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TOPIC: Bus Travel and Cycle Enfield: TfL Freedom of Information Act responses

Bus Travel and Cycle Enfield: TfL Freedom of Information Act responses
02 Feb 2018 23:13 #3597

I was active on streets issues when the cycle lanes were first mooted by the council, and the 'possible' effect on bus services was certainly raised. I forget the precise details, but the council recognised that at places like traffic lights and pedestrian crossings tailbacks could/would at first be longer given the reduction in carriageway space. Which was seen as an advantage because people driving short, driver-only journeys would be incentivised by longer delays into cycling instead. Which, assuming it happened, would in turn improve the available carriageway space for the traffic that remained. Of course it was understood that this change would take time to work through.

I dropped out shortly after those preliminary ideas were being discussed, and until I cycled on the cycle lanes never gave a thought to the fact that the new bus stops would be a contentious because they usually/often mean that traffic cannot move on until the bus pulls away. Now that I’m aware I assume that this is also seen as an advantage by the council because it adds to the frustration of drivers, making it more likely that they will leave their car at home and walk, or cycle, or use public transport.

Short of banning car use I see this as inevitable and moral because cars are greedy of space and resources, easy to use selfishly and dangerously, and have detrimental effects on other users – notably children – of street space. As I see it Mini-Holland has done more than facilitate cycling for those who want to cycle; it has positive effects in terms of equality, fitness and health, the democracy of travel, and liveable streets . It has also forced into the limelight the 'sense of entitlement' drivers have taken to themselves at the expense of other users of urban space.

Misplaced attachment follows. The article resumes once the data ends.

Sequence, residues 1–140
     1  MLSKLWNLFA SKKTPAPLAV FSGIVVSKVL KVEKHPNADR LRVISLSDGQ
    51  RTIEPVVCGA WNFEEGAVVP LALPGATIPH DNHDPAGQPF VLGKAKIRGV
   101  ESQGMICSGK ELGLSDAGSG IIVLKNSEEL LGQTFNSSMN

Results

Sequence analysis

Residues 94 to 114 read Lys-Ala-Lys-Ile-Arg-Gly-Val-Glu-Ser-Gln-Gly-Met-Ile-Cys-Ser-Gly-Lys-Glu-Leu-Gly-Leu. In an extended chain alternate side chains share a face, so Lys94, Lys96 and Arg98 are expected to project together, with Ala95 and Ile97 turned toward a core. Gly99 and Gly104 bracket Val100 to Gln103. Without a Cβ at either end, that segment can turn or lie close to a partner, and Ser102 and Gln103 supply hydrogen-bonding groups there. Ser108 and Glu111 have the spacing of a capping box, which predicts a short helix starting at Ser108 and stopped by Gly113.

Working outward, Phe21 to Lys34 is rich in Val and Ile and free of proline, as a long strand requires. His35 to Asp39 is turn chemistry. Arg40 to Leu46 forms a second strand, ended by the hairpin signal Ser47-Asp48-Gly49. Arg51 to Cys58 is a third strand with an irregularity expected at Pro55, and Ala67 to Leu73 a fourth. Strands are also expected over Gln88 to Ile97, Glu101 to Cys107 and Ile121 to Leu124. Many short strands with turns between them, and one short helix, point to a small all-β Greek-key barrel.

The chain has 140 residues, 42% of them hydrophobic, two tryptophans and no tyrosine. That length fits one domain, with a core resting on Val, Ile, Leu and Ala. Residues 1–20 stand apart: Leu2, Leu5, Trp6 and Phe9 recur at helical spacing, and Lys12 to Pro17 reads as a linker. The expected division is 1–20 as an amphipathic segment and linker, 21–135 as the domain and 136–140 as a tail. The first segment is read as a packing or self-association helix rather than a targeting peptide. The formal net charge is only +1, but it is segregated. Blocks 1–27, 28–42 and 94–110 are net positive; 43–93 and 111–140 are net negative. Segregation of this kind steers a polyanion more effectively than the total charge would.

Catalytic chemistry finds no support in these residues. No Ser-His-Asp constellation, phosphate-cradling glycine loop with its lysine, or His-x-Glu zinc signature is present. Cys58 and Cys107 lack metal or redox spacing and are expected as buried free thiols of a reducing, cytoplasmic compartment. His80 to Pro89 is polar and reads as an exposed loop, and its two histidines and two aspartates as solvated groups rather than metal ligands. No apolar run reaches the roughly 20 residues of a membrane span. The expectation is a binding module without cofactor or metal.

Locally I cycle, Colin Younger uses buses, my wife walks and uses buses. None of us young. If we can do it so can a myriad others.

Because I’m ancient I was able to walk to school when five years old, probably a kilometre or more accompanied by girls of eight or so. Other than in villages and some small towns perhaps that circumstance cannot be replicated now, but we can, and the council is doing, create residential areas – Quieter Neighbourhoods - protected from rat-running and fast traffic. Personally I think 20mph – which should be represented as 30kph – is too fast, and 20kph, about 12mph, would be better.

Cars like trains are a means of travel. Train speed is regulated by the system, but car speed is regulated mainly by drivers who have become blind to the common good and feel hard done to if there habits are called into question. The balance has to change, that sense of entitlementhas to change.

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